copyright 2013 Douglas Stockdale
With the demise of Kodak 120 Ektachrome, I have made the required change to the 120 Fujichrome, in my case the Fujichrome Provia 100F, considered a Super Fine Grain film. This also means that I might need to make some changes in my overall workflow, including the film scanning on the Nikon 8000 in conjunction with the Photoshop toolbox.
So far, I will have to say that I am impressed with this film. At the advice of John at my photo-lab, I did not change my image capturing processes. Ever hour or so (more often in the early morning and late afternoon), I do an exposure check with a Kodak gray card and my spot meter. At the moment for this film, I am using an Exposure Index (EI) that is the same as the manufacturers 100 ASA in conjunction with the labs standard E-6 film processing.
First indications are that the Fuji film appears more color saturated and the blues of the sky appear more as I remember them. In retrospect, the Ektachrome (E100, daylight transparency) seemed almost desaturated and I continually had issues with the colors of the sky.
Additionally, the scans of the Fujichrome film with my Nikon film scanner appear to require less correction and a lot closer to what I remember than the Ektachrome scans (maybe I have a Fujichrome memory??). I will not go as far as to say that the Japanese film and scanner companies are in cohorts together, but it does appear that the film scanner seems to be better calibrated for the Fujichrome film and not as well for the Kodak films (scanning both color negatives and transparencies).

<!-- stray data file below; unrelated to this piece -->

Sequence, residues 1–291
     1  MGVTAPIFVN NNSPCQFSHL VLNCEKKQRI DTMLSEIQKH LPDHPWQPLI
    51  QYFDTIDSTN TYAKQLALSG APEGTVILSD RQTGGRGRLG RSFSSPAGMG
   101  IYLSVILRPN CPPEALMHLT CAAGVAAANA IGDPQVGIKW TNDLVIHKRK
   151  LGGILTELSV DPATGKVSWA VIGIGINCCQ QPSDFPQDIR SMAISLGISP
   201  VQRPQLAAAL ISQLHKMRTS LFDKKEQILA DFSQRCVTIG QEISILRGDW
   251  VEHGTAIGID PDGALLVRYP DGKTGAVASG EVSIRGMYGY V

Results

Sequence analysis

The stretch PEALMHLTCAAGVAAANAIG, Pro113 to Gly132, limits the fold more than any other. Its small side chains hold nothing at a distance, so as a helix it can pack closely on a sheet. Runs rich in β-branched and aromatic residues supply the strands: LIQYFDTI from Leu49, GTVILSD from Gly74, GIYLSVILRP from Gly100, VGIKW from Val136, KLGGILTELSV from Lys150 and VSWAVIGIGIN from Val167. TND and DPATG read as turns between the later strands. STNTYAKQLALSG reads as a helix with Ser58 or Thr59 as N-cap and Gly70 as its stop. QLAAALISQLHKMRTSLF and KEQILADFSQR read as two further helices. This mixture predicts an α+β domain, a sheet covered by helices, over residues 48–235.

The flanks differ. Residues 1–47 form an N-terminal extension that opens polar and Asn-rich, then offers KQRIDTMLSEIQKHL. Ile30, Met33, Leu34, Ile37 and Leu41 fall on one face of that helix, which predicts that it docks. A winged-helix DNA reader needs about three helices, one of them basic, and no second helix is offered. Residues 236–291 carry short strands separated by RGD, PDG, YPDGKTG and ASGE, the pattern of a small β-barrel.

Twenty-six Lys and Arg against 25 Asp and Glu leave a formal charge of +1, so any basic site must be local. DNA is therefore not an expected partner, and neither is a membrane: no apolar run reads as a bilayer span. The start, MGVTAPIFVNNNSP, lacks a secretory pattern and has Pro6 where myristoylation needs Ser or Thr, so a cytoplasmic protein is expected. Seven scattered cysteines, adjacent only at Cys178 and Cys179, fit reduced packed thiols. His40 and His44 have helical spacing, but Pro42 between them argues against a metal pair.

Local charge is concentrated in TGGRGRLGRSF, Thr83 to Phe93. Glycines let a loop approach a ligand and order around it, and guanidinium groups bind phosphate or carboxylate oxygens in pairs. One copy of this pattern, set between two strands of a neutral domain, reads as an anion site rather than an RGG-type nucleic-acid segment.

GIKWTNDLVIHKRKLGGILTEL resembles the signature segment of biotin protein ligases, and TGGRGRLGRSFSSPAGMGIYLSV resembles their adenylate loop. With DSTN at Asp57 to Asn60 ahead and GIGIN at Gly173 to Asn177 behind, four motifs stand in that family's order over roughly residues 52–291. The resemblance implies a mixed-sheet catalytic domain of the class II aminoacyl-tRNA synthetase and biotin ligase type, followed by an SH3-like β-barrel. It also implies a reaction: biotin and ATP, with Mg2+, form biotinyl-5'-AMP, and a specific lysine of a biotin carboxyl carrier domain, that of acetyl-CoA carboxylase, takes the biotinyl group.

So at the moment, I am enjoying the film change and having no regrets.
As to this photograph, I created this just before I was the bunny hero last week, as a part of my investigation project “Gardening for Ordinance”. I think that this bush is in the midst of its Spring bloom, but regretfully I do not recall seeing it until now. Another one of the beneficial aspects of working on conceptual projects like this is that it does increase my awareness of those things around me. Very cool. As to the composition, in the view finder the sky was not evident in the upper left corner when I made this composition. I had purposely tried to fill the top of the frame with this flaming bush. In retrospect, I think that this bit of sky adds some mystery and creates a more interesting photograph. So at the moment, a keeper.
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